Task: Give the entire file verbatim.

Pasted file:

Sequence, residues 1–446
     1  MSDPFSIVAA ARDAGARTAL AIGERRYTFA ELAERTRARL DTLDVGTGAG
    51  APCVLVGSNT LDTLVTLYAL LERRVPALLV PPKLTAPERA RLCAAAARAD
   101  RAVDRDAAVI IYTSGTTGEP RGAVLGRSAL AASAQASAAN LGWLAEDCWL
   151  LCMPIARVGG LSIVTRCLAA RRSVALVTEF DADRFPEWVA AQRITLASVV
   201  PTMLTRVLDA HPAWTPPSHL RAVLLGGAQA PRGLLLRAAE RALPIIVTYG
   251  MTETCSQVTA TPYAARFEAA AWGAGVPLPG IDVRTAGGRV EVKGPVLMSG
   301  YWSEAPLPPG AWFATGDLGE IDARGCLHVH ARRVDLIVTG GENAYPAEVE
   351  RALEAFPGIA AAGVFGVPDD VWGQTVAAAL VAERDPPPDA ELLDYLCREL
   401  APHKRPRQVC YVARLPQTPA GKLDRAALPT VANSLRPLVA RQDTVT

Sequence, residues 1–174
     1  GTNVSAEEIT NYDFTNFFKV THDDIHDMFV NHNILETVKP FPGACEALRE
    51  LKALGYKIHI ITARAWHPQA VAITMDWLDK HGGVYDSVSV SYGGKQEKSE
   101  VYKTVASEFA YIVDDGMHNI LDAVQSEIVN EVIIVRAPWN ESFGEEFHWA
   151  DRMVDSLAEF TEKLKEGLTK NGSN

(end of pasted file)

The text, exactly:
Sequence, residues 1–446
     1  MSDPFSIVAA ARDAGARTAL AIGERRYTFA ELAERTRARL DTLDVGTGAG
    51  APCVLVGSNT LDTLVTLYAL LERRVPALLV PPKLTAPERA RLCAAAARAD
   101  RAVDRDAAVI IYTSGTTGEP RGAVLGRSAL AASAQASAAN LGWLAEDCWL
   151  LCMPIARVGG LSIVTRCLAA RRSVALVTEF DADRFPEWVA AQRITLASVV
   201  PTMLTRVLDA HPAWTPPSHL RAVLLGGAQA PRGLLLRAAE RALPIIVTYG
   251  MTETCSQVTA TPYAARFEAA AWGAGVPLPG IDVRTAGGRV EVKGPVLMSG
   301  YWSEAPLPPG AWFATGDLGE IDARGCLHVH ARRVDLIVTG GENAYPAEVE
   351  RALEAFPGIA AAGVFGVPDD VWGQTVAAAL VAERDPPPDA ELLDYLCREL
   401  APHKRPRQVC YVARLPQTPA GKLDRAALPT VANSLRPLVA RQDTVT

Sequence, residues 1–174
     1  GTNVSAEEIT NYDFTNFFKV THDDIHDMFV NHNILETVKP FPGACEALRE
    51  LKALGYKIHI ITARAWHPQA VAITMDWLDK HGGVYDSVSV SYGGKQEKSE
   101  VYKTVASEFA YIVDDGMHNI LDAVQSEIVN EVIIVRAPWN ESFGEEFHWA
   151  DRMVDSLAEF TEKLKEGLTK NGSN